Study finds frequent consumption of alcohol linked to lower risk of heart attack in men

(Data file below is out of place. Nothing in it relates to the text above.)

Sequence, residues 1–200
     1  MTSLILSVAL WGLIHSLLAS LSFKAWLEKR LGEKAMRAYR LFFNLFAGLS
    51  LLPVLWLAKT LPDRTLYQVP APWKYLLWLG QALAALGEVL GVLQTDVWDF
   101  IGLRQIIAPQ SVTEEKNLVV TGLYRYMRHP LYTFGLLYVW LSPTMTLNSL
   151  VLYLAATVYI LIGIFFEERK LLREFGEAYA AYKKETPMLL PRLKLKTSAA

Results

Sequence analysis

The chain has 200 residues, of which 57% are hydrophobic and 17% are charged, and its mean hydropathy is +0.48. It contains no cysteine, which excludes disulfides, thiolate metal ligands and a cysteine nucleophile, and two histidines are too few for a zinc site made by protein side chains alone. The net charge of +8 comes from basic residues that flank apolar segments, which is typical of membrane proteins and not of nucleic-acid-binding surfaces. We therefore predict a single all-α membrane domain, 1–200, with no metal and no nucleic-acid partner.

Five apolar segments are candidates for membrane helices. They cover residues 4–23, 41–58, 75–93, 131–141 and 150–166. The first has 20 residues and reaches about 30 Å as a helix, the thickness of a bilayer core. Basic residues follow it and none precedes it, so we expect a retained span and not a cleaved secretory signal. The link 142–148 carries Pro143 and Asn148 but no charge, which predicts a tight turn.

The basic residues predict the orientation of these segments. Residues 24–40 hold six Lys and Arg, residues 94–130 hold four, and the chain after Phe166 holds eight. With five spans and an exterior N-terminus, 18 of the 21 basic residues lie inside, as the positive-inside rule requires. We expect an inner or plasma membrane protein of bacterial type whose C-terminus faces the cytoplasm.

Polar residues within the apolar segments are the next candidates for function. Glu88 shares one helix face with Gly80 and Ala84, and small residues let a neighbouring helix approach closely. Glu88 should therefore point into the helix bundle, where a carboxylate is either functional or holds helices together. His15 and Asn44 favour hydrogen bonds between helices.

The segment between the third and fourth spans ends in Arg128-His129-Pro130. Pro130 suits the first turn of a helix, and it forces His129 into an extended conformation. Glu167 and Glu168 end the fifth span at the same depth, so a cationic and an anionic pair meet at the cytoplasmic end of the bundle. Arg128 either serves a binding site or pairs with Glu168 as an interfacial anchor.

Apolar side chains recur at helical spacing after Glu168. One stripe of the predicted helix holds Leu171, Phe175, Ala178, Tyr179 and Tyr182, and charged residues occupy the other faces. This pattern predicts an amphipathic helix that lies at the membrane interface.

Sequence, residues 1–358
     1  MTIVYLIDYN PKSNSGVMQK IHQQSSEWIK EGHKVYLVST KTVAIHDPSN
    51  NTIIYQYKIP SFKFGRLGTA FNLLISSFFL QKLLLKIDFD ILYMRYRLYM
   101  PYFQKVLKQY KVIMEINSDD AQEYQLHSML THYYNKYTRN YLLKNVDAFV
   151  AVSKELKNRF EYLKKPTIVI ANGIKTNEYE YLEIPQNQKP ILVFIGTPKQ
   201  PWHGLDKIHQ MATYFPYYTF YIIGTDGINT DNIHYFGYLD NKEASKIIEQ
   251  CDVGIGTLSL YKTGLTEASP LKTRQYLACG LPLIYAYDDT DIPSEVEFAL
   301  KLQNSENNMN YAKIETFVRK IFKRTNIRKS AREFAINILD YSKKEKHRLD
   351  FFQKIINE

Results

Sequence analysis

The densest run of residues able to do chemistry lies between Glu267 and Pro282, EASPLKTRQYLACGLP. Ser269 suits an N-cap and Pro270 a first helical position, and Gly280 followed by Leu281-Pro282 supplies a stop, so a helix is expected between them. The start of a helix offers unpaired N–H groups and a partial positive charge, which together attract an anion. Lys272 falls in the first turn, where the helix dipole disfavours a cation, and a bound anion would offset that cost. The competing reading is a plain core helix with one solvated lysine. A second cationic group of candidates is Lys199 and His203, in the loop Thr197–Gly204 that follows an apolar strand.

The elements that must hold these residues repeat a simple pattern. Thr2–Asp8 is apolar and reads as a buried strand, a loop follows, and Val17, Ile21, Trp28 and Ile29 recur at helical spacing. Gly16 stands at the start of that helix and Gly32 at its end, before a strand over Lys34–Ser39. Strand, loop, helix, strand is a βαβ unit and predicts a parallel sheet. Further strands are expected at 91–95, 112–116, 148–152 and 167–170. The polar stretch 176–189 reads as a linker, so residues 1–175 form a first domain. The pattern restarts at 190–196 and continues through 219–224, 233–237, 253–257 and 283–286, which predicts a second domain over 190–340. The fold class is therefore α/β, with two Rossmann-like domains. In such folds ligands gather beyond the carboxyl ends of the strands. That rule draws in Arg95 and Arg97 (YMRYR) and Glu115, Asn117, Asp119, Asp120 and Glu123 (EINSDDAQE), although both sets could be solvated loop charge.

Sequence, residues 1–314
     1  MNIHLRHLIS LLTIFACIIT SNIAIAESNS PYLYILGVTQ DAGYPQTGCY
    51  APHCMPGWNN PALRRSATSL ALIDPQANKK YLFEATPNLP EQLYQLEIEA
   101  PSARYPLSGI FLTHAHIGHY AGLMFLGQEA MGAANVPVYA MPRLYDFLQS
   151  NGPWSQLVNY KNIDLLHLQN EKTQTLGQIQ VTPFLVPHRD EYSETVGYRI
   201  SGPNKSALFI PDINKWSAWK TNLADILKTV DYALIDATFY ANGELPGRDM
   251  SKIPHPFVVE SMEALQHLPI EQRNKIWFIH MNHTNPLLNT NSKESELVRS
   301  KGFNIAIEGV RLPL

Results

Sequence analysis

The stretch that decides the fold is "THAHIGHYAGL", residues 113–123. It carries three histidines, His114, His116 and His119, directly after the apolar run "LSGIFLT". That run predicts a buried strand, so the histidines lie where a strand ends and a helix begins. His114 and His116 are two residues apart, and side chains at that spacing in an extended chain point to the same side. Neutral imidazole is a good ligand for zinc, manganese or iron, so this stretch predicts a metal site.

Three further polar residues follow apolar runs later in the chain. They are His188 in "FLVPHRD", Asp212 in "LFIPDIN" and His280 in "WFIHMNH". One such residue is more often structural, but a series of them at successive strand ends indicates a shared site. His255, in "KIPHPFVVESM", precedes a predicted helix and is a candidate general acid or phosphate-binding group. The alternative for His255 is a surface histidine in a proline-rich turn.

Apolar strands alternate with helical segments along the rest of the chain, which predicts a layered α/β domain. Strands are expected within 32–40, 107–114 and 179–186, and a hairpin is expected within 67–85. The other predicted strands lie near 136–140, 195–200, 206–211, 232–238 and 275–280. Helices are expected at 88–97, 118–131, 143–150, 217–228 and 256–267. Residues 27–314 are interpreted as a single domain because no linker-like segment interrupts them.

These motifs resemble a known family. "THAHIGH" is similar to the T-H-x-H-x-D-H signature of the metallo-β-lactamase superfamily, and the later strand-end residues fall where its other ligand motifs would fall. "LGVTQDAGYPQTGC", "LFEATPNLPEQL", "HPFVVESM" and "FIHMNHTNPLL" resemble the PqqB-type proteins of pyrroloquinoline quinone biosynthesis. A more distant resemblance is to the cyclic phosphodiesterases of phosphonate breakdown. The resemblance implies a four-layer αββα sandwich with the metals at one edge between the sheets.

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Men who drank moderate amounts of alcoholic beverages three or more times a week had a risk of myocardial infarction 30 to 35 percent lower than nondrinkers. The observational study, which tracked the drinking habits of nearly 40,000 men over a 12-year period, provides an important clue as to how alcohol helps guard against coronary heart disease, and for the first time, strongly suggests that routine consumption of alcoholic beverages is key. “Even relatively modest amounts of alcohol may be protective if consumed frequently,” said the study’s first author, Kenneth Mukamal, of Beth Israel Deaconess Medical Center’s Division of General Medicine and Primary Care and assistant professor of medicine at Harvard Medical School. “Our results document that a pattern of regular consumption at least three to four days per week is associated with the lowest risk of heart attacks.” The findings appeared in the Jan. 9, 2003, issue of The New England Journal of Medicine. This research was funded by grants from the National Institutes of Health.